Alshon Jeffrey was drafted by the Bears in 2012. Scouts marveled the size and agility possessed by the promising young receiver out of South Carolina.  A silly character concern let Alshon drop to the second round of the draft.  The word silly is used because the concern was that he wasn’t in the best shape while on the field. Even sillier considering the fifth overall pick in the draft was the much troubled Justin Blackmon who was drafted by the Jacksonville Jaguars.  Other receivers went before Jeffrey’s name was called : Michael Floyd, Kendall Wright, A.J. Jenkins, Brian Quick and Stephen Hill. . .  Jeffrey’s rookie season found him at times looking confused.  Dropped passes, incorrect running routes and struggling to find separation were all weekly struggles for the young wide out.  After the 2012 season, Brandon Marshall said he would work with Jeffrey in the off-season.  Whatever Marshall did with the kid, worked.  Jeffrey ended the 2013 campaign with over 1400 yards and even had two 200 yard receiving games.  Jeffrey was the other option Chicago needed to open up their passing attack.  You could no longer double team Brandon Marshall because Jeffrey was becoming an emerging star in the league.  His progress earned him the PFWA award for Most Improved Player of the Year.  Jeffrey offers a 36 inch vertical to his already above 6 foot stature – factor in another three feet for his arm length and you’re talking about a guy who at the peak of his jump is somewhere around 12-13 feet tall.  Something that goes unnoticed, which shouldn’t about Jeffrey is that he is one of the leagues best at locating the ball.  What does that mean?  That means, when the ball is up for grabs, even while getting nudged by one or two defenders (on ground or air) Jeffrey displays a certain kind of concentration in following the ball into his hands like very few in the league can.  Jeffrey became not just a favorite amongst Bears fans, but NFL fans in general when making highlight worthy receptions seemingly every week.


In most discussions Brandon Marshall is considered to be a top five wideout in the NFL.  He’s had success against the likes of Darrelle Revis averaging about 5 catches and 80 yards a game when playing against the all pro.  Marshall has even had success where very few have : against Richard Sherman and the Seattle Seahawks secondary.  Although the Bears lost that game in 2012, Marshall came away with 10 catches for 165 yards.  So now that Marshall is accompanied by Alshon Jeffrey the question is: Do the Bears have the best wide receiver duo in the league?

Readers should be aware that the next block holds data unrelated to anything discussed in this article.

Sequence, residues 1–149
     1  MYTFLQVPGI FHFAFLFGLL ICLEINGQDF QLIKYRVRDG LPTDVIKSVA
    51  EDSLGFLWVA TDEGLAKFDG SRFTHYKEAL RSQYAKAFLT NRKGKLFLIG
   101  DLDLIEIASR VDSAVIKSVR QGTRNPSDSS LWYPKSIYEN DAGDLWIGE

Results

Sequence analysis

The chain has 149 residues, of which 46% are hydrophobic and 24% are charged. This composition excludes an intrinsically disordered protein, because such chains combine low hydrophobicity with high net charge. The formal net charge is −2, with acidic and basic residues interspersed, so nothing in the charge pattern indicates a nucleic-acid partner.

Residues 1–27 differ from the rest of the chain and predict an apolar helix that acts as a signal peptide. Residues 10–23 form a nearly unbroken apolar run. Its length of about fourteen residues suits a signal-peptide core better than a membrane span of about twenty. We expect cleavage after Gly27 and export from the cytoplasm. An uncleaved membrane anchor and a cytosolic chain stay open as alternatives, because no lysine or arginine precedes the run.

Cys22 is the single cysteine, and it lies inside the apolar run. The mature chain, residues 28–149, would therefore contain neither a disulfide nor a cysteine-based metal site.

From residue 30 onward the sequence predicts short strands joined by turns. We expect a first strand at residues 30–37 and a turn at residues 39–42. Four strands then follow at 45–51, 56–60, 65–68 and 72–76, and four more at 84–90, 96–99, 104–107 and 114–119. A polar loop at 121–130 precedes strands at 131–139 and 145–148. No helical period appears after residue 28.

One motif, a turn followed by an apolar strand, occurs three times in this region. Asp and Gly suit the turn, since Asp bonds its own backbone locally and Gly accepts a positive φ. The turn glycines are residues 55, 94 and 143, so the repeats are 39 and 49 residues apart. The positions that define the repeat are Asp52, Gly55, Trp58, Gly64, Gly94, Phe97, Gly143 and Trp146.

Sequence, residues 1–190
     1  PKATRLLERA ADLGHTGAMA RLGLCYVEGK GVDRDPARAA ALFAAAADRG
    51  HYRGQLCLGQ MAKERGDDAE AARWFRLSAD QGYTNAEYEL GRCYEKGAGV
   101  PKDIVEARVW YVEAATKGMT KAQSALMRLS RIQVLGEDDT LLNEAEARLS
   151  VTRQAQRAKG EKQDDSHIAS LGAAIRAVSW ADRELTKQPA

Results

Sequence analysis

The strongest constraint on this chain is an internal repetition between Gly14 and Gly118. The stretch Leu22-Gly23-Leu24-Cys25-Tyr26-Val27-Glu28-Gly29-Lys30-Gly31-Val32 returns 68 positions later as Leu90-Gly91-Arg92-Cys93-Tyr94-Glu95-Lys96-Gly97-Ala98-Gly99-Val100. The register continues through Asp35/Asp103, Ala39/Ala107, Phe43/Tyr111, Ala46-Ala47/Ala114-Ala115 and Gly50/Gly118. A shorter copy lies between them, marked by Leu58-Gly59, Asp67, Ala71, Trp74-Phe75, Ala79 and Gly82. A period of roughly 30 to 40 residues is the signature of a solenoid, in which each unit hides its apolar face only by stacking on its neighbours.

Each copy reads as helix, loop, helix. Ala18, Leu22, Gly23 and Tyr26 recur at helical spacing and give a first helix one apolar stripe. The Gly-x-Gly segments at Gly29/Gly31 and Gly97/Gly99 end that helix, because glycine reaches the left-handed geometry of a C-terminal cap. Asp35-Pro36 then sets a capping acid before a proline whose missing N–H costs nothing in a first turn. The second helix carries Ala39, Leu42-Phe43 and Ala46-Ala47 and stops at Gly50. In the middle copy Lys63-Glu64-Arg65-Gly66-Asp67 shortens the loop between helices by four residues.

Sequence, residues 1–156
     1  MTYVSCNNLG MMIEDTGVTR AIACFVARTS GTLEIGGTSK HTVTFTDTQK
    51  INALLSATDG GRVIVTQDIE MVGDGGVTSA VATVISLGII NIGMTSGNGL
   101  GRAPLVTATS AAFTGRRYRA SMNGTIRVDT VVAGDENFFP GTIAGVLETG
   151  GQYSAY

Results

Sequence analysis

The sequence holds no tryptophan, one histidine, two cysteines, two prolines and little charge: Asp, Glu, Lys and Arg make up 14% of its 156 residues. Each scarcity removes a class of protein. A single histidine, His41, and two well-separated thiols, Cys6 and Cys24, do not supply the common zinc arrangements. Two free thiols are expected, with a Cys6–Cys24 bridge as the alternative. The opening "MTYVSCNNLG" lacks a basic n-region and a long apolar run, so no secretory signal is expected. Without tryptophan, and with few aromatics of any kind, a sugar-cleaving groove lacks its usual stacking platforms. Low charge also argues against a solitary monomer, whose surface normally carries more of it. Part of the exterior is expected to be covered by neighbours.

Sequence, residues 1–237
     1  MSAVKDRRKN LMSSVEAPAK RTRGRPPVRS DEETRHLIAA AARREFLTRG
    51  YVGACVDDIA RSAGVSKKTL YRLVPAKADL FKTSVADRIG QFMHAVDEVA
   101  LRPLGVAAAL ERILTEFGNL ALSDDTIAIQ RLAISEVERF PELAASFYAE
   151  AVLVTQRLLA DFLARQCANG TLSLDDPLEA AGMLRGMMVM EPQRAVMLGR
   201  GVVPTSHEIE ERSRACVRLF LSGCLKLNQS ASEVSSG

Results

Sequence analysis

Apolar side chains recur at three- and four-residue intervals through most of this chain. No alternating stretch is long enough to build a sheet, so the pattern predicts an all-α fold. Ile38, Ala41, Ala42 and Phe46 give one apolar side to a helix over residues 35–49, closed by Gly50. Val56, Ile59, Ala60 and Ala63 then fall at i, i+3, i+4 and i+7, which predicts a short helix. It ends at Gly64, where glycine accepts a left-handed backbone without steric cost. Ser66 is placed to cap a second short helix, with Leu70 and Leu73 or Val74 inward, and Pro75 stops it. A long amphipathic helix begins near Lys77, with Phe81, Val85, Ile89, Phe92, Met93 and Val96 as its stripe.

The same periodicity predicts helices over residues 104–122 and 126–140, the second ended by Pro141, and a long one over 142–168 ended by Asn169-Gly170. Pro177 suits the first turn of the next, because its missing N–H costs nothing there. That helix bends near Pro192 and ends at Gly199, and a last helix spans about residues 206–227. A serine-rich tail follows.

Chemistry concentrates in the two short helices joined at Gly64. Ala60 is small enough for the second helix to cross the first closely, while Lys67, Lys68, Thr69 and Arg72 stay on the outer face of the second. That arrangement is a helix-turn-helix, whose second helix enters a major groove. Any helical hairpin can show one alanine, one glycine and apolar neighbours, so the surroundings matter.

Look at the other “top five receivers” in the league.  Calvin Johnson is an all out beast but his counterpart is Golden Tate, a receiver who’s been in the league for four years and hasn’t had one 1000 yard season.  Larry Fitzgerald is the prototypical wideout with the best hands in the league and the Cardinals are hoping that previously mentioned Michael Floyd will develop into something.  AJ Green has no-one at an all pro level opposite of him and neither does Dez Bryant in Dallas.  One can make the argument that the Atlanta Falcons with Julio Jones and Roddy White still have the best wide receiver duo in the league but after last season seeing Roddy White battling injuries all year long – you have to consider how much of a beating his body can take at this point.


Right now there should not be a debate that the best wide receiver duo belongs to the Chicago Bears.  A scary thing to consider is this : As mentioned earlier, after the 2012 season Marshall worked with Jeffrey in the off-season.  After the 2013 season Marshall and Jeffrey said they were adding 2013 draft pick Marquess Wilson to work out with them.  As of June 7th, it was reported by ESPN’s Michael C. Wright that the Bears are “pretty confident” Wilson will win the slot receiver job.  If history repeats itself . . . Bear Witness.  .  .


G.W. Gras

twitter @GeeSteelio